Although the Federal Government has been reluctant to support renewables, the Australian States and territories have been very active in supporting the development of renewable technologies.  We need to push for action at all levels of Government, Federal, State and local, as each level has a critical contribution to make.

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Managing the Murray-Darling Basin

 

So, I must confess that water rights are NOT my area of expertise, but I have tried to digest a range of sources, so I can simplify the issue for readers. The Murray-Darling Basin (MDB) covers one-seventh of the Australian continent, accounts for one-third of its agricultural production and is home to two million people. It includes 77,000km of rivers and more than 25,000 wetlands.

 

The MDB covers four states, Queensland, NSW, Victoria and South Australia, plus the ACT. Because the rivers flow across multiple jurisdictions, some form of multi-state oversight mechanism was necessary to ensure that one state’s management of its part of the river/s didn’t improperly affect any other state’s access to or fair use of the river/s. In November 2012, the Gillard Government agreed the historic Murray Darling Basin Plan with the four states and the ACT about how to use the water in the MDB. The MDBP was (and still is) highly controversial; environmentalists argue that it allowed too much water to be taken from the rivers and used by pastoralists; pastoralists were concerned that not enough water was available to irrigation-dependent communities and agricultural production.

 

By 2019, pretty much everyone now agrees we are managing the MDB poorly. Firstly, it does seem fairly well agreed that management of the waterways has allowed heavily water dependent industries – most notably cotton farmers – to extract too much water from the MDB, to the detriment of small-hold farms and the environment. Arguably this also led to the horrifying Darling River fish kills of 2019 which saw millions of fish wash up dead on the banks of the Darling River on three separate occasions.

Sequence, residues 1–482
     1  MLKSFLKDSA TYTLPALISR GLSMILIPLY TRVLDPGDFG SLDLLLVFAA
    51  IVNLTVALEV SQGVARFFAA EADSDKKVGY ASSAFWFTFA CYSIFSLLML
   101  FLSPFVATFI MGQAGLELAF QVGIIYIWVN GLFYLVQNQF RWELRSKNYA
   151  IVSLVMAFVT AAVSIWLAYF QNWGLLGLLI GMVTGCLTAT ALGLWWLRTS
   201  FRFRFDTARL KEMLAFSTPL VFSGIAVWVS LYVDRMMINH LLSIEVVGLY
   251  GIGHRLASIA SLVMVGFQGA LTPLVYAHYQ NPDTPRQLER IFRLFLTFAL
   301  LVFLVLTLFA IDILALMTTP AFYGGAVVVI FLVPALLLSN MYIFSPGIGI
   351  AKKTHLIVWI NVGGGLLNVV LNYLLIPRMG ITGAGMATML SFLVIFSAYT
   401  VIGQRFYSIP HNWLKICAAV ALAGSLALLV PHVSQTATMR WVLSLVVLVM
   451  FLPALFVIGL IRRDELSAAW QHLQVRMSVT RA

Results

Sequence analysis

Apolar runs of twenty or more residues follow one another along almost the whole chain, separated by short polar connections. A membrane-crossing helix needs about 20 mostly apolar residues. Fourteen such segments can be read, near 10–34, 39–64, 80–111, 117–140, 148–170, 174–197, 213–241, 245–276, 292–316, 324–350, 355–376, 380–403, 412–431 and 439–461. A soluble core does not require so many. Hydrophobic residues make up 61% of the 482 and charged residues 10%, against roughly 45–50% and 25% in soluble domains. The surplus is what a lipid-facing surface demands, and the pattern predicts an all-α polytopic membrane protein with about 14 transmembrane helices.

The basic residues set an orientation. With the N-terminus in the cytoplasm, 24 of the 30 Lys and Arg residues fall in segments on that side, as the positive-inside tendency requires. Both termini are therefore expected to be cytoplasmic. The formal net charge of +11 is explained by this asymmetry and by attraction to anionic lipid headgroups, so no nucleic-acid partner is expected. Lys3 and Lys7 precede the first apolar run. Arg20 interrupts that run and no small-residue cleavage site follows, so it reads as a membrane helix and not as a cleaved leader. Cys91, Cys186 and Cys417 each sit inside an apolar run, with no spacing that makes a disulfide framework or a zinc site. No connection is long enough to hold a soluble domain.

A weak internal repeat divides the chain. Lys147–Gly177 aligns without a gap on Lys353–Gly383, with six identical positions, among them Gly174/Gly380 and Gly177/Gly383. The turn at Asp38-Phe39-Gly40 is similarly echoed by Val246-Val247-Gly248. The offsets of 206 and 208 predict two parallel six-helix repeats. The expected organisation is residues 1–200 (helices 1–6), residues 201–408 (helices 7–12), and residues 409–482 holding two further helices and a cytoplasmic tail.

Secondly, problems of land and water management are also being exacerbated by alleged corruption and dodgy dealings. In 2017, ABC's Four Corners revealed allegations that upstream irrigators in NSW were taking billions of litres of water designated for the environment. In 2019, allegations were also made about the then-Environment Minister, Angus Taylor, and former Water Minster Barnaby Joyce, doing dodgy deals to buy back water from certain farms, even though no water was actually accessible.

 

In an attempt to get a handle on the issues, in January 2018 the South Australian Murray-Darling Basin Royal Commission was set up. The SA MDB Royal Commission Report was handed down in January 2019. It found gross maladministration, negligence and unlawful actions related to the MDB Plan, but the Federal Government rejected its recommendations.  Alas, each Government has reverted back to defending its own position, but the issue is so complex that it is hard to design a proper response.

 

In July 2019, there was a new call for a Federal Royal Commission into the MDB. OAKS supports this proposal, as a way of injecting an independent perspective into this highly politicised and highly complicated policy area. We need to design an evidence-based policy approach which balances basic environmental benchmarks with the needs of ordinary farmers (as opposed to the big businesses that have illegally diverted water and/or profiteered from poorly managed water buy-back schemes).

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Protecting the Great Barrier Reef

Page under development

Additional resources / reading
 
 
 

"The single biggest threat to our planet is the destruction of habitat and
along the way loss of precious wildlife. We need to reach a balance where
people, habitat, and wildlife can co-exist – if we don’t everyone loses … one day.”

— Steve Irwin, Australian wildlife explorer